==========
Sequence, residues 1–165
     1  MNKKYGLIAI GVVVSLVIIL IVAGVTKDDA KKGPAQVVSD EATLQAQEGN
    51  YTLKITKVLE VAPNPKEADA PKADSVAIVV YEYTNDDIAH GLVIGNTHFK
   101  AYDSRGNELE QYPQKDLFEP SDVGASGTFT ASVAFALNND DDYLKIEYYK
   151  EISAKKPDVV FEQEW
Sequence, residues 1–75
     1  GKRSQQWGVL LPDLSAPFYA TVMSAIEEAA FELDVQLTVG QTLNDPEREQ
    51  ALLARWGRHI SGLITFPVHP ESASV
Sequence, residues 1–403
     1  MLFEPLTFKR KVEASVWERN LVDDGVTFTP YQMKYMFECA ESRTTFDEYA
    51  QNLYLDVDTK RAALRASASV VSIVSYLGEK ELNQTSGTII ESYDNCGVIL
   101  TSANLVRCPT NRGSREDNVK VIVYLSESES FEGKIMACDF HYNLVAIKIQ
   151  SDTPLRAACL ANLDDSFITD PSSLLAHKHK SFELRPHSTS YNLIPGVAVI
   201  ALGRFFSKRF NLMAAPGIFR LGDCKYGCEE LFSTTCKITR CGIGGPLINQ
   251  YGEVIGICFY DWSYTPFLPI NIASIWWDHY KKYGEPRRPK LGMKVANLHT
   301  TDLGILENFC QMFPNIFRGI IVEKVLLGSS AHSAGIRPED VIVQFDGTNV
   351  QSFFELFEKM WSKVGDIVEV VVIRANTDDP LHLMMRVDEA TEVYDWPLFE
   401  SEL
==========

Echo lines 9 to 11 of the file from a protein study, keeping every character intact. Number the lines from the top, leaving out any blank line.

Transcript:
Sequence, residues 1–403
     1  MLFEPLTFKR KVEASVWERN LVDDGVTFTP YQMKYMFECA ESRTTFDEYA
    51  QNLYLDVDTK RAALRASASV VSIVSYLGEK ELNQTSGTII ESYDNCGVIL